broadbandJust one-third of U.S. broadband subscribers (34%) would be likely to recommend their service providers to a friend, yet low satisfaction does not appear to be significantly contributing to broadband churn factors, according to a consumer survey from software provider Incognito. It’s said that every dark cloud has a silver lining, however.

The biggest and most frequently cited issues U.S. broadband subscribers have can be identified and resolved given use of the proper tools, researchers noted. Moreover, most subscribers do not switch broadband providers despite their dissatisfaction, Vancouver-based Incognito Software Systems highlights in a press release.

Broadband service providers typically rank at or near the bottom of American Consumer Satisfaction Indexes (ACSI), Incognito points out. That prompted Incognito to produce its broadband QoE research in a bid to reveal not just the degree, but the reasons underlying customer dissatisfaction and its contribution to broadband churn factors.

Broadband Satisfaction Survey
Service speed (or rather lack thereof), WiFi reliability and limited pricing options led the list of QoE influences for broadband subscribers in Incognito’s new study titled ¨The 2016 Incognito Broadband Consumer Quality of Experience (QoE) Survey.¨ Approaching half of the survey respondents said service speed was the most influential factor associated with whether or not they would recommend their broadband service provider to a friend.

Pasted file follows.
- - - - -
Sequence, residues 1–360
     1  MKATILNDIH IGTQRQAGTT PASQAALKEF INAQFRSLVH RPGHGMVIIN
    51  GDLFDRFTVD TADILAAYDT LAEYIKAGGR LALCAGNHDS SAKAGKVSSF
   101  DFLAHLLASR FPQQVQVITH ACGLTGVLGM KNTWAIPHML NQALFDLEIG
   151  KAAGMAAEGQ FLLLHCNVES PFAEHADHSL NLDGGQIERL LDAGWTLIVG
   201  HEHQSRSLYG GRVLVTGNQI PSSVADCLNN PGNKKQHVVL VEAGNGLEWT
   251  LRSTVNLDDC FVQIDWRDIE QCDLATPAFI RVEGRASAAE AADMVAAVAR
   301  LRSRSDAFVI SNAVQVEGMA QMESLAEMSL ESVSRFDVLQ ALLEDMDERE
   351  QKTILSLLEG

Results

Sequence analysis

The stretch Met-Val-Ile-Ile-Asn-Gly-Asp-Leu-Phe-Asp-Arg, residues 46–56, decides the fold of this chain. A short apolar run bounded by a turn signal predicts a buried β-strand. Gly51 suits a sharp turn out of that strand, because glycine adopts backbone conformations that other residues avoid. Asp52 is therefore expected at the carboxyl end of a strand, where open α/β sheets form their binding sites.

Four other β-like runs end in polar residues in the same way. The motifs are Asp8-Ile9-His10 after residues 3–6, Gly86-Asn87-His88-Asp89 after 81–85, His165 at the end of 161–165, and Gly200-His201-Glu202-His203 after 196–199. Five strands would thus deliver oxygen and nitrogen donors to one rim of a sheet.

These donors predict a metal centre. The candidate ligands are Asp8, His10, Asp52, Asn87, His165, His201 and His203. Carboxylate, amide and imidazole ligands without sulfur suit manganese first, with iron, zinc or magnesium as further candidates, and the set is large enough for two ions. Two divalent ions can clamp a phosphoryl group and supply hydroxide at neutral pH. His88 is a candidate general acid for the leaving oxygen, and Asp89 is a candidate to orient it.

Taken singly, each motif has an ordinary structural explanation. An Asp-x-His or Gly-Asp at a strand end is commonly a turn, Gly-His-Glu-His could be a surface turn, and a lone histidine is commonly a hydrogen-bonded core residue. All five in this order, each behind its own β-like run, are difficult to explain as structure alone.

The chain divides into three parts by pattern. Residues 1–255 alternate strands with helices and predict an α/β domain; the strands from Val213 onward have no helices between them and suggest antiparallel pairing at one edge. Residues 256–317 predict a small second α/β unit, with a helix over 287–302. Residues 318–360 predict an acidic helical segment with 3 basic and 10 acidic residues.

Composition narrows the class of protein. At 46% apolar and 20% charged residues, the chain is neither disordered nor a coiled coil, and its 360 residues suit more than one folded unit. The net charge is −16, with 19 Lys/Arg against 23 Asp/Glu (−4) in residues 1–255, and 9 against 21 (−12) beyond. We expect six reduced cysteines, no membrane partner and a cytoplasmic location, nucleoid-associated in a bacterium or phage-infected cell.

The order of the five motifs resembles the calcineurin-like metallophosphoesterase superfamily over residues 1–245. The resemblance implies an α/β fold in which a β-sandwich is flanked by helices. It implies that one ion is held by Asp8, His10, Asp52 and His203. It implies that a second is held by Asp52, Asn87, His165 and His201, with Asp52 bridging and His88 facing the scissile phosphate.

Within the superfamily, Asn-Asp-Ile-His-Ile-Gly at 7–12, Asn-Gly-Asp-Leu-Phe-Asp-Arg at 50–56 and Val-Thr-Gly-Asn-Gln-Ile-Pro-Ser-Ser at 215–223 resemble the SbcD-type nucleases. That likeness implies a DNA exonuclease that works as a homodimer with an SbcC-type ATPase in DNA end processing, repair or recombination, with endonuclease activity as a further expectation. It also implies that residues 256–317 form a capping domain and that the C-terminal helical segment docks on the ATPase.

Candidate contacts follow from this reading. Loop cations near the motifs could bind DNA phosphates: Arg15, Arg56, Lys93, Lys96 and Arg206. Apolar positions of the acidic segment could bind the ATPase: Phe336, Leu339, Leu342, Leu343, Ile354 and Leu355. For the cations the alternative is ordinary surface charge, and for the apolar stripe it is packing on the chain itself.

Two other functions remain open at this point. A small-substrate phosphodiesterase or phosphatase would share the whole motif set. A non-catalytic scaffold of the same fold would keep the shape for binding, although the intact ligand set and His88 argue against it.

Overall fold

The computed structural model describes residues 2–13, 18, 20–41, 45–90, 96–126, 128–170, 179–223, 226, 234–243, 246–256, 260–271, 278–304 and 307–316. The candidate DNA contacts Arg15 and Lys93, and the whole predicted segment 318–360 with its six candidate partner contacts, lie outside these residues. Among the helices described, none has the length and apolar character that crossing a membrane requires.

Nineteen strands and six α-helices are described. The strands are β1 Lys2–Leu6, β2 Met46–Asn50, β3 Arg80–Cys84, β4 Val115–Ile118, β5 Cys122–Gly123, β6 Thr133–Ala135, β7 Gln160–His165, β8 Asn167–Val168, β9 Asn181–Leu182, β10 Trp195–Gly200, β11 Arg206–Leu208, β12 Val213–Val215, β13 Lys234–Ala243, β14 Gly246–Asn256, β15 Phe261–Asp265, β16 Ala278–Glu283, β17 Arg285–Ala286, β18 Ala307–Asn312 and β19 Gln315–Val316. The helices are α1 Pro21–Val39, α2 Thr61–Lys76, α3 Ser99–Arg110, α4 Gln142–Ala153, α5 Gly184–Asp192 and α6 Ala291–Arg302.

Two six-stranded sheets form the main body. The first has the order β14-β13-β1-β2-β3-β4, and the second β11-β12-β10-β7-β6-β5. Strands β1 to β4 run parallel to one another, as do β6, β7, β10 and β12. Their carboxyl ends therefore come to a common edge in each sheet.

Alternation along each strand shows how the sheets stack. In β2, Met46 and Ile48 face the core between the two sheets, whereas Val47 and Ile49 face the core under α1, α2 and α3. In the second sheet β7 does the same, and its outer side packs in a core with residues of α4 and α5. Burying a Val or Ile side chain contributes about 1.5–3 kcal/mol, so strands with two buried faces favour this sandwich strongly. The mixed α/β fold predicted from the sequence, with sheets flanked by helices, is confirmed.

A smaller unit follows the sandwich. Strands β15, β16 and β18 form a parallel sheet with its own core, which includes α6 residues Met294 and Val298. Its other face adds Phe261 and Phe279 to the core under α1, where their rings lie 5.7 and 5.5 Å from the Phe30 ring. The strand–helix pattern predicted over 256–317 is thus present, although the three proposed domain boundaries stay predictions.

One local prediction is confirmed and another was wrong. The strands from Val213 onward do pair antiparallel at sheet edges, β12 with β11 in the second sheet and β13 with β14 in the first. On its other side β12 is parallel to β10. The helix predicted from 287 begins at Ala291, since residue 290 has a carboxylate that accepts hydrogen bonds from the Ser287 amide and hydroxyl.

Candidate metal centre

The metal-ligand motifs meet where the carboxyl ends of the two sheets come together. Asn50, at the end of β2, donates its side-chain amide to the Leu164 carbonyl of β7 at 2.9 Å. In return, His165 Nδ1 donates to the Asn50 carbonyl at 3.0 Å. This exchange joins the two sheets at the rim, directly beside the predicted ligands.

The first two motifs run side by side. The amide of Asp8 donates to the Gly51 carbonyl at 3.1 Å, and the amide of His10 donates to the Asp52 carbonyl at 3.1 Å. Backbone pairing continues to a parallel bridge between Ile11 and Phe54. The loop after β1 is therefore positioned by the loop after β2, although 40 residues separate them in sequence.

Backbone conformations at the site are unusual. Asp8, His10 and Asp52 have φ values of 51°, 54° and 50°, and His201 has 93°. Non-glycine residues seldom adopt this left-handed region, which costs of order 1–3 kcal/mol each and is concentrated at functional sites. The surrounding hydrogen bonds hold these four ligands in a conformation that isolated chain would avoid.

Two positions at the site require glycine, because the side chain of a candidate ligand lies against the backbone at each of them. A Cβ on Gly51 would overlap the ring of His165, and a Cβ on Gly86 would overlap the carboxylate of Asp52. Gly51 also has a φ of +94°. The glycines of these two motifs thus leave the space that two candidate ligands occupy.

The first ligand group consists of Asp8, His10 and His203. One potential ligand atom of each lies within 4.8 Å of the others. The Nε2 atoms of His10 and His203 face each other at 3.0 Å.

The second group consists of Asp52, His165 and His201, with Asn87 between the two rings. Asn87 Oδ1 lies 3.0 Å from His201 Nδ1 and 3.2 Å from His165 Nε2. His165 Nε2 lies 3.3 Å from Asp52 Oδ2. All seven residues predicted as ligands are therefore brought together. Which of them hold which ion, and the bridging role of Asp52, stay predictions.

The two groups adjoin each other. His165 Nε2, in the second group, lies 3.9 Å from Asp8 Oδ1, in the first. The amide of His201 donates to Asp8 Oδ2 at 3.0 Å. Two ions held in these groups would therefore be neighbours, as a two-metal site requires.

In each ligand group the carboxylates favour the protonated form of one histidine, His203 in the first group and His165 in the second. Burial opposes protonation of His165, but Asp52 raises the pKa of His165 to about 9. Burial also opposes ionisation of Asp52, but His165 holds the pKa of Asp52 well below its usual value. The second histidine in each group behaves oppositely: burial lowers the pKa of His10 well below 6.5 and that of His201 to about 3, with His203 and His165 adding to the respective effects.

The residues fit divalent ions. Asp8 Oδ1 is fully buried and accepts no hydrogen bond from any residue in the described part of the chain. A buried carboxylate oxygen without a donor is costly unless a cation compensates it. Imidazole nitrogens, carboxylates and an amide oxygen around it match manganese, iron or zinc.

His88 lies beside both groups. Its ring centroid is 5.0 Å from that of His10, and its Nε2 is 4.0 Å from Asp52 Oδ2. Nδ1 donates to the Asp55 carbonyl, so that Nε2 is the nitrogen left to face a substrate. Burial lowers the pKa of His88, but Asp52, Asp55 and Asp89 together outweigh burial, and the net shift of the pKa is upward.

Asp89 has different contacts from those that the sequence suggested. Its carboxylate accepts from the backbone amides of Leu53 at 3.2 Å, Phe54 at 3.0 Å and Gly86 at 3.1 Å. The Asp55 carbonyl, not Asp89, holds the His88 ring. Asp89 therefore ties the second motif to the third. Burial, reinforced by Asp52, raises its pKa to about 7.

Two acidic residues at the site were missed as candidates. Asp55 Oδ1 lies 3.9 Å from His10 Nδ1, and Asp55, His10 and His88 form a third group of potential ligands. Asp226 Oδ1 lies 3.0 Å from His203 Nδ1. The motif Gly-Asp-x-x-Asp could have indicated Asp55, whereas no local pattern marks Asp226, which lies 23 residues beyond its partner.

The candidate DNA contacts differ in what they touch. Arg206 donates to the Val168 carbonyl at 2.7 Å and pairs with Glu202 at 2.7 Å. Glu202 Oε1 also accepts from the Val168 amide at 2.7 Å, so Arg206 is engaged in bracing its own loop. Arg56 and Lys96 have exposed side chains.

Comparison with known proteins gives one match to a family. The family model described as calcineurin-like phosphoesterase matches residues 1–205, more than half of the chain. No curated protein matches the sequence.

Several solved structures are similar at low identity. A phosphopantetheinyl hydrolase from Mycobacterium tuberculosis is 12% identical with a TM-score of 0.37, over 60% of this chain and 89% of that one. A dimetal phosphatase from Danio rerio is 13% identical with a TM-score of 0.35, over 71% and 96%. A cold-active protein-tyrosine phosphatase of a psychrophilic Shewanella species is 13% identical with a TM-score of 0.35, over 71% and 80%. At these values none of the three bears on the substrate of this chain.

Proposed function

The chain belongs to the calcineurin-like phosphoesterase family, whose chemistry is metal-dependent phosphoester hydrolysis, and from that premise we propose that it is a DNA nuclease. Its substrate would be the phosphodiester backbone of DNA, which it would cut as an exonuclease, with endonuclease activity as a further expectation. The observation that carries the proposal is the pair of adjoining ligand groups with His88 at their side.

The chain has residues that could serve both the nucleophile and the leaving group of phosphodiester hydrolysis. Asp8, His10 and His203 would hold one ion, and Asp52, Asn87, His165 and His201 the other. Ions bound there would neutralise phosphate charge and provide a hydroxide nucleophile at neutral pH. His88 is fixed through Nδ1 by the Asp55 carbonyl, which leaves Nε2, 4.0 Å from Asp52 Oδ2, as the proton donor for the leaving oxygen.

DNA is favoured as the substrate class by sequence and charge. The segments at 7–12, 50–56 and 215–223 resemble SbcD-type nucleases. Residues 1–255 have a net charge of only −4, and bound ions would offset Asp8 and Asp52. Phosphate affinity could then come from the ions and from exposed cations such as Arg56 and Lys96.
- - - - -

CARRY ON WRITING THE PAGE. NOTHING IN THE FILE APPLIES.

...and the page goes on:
For 3 in 10 respondents (31%) it was WiFi reliability. And just over one fifth (21%) pegged pricing and service bundling as the most important influence.

Other key takeaways include:

  • When given the option of improving just one facet of their current Internet experience, 39 percent of overall respondents chose pricing.
  • The next highest selection was speed, which garnered 25 percent of the vote.
  • While the percentages varied a bit by region, suburban dwellers placed a higher emphasis on pricing than their counterparts in urban or rural environments. 35 percent of respondents in urban areas selected pricing, followed by 26 percent who picked speed. In contrast, those in suburban areas chose pricing most frequently (46 percent). Speed was chosen by just 19 percent. Just over one third (35 percent) of rural respondents preferred more favorable pricing compared to 26 percent of rural respondents who cited faster speeds.

Delving deeper, Incognito found that attractive pricing helps retain customers. Nothing outdoes faster broadband speeds when it comes to attracting new customers, however; although high levels of WiFi reliability followed closely behind.

Overall, the three biggest factors associated with subscriber QoE were also the three most significant in terms of attracting new broadband customers. According to Incognito:

  • 33 percent of respondents would be interested in changing service providers for faster Internet, while 32 percent would do so for more pricing options, and 28 percent for more reliable WiFi.
  • Among the youngest demographic (18-24-year-olds) living in urban areas, those numbers jump to 49 percent for speed and 46 percent for reliable WiFi, while the ratio of respondents choosing pricing options remains nearly unchanged.

The growing desire for better WiFi is further reflected by 40 percent of all respondents selecting “better WiFi hotspot coverage” as their most desired value-added service.